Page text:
Resisting the Urge to Explain

We all want our family to understand us. We assume they love us and want to know who we are – our inner selves. But one of the most difficult realities to accept is that we have family members who simply do not care.
Recently, a young man received a gift from his mother. The gift was also from his stepfather and he was urged to offer thanks directly. But the older man could not – or would not – accept the gesture. Instead, he made a “joke” that he surly knew was offensive. After all, he’d been the boy’s stepfather for twelve years.

The young man, sensitive and idealistic, could not let the troublesome remark go. Later he pulled his stepfather aside and explained why the joke was offensive. He expected an apology, having been taught that acknowledging mistakes was necessary for healthy relationships. It should have been a simple thing.

He should have known it was not. He should have known that the older man would not accept any blame for any wrongdoing. That he would explode, scream and yell and reverse things to cast the blame on the boy. The stepson was clearly at fault. Not only for causing his stepfather’s explosion, but for being ungrateful and spoiled. But that was not the end of it. The boy’s mother and aunt blamed him too. Both called him out – accusing him of selfishly disturbing the family gathering. The boy was entirely at fault.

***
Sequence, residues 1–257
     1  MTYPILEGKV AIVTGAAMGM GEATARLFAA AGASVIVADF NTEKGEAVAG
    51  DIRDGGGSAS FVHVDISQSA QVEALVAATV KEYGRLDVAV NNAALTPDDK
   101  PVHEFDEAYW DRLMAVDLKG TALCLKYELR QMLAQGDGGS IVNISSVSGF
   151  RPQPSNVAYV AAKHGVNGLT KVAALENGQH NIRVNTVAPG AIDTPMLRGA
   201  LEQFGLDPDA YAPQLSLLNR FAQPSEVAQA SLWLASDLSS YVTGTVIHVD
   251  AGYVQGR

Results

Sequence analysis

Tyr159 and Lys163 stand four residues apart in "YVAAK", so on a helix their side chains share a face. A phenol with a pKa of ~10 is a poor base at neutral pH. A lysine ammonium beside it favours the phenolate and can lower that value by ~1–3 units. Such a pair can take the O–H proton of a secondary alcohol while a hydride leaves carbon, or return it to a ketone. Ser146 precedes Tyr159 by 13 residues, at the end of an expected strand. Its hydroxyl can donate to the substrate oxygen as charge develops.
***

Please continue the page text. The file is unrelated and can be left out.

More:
Had the mother known that this was the likely scenario that would play out when she sent her son to her husband? They had been married for twelve years. Surely she knew her husband was volatile? Surely, this was not his first outburst. More importantly, didn’t she know, after twenty years, that her son was sensitive and mild mannered? The answer could only be yes. And yet the mother set her son up – telling him to wake the proverbial sleeping bear – and then blaming him for the bear’s rage.

Why? There are many reasons, but for this article, the short answer is that mom (and aunt) knew that the young man would tolerate the blame and that they would escape the older man’s wrath if they sided with him. But the young man – what did he expect? He expected his family to care – despite all evidence to the contrary.

They’ve told him they love him ~ and love means caring. Our culture, books and movies, even his mother, describe love as being interested and concerned about another. It is only logical for the young man to assume his mother and stepfather, a man she repeatedly claimed to love him, are interested and concerned about his feelings. Accepting the reality that they are not, that they will willingly sacrifice him to preserve their own egos, is a difficult lesson to absorb. And yet, the truth is self-evident. They simply do not care about his feelings. This young man will have to accept that explaining himself to these people who profess to love him, will only cause him pain.

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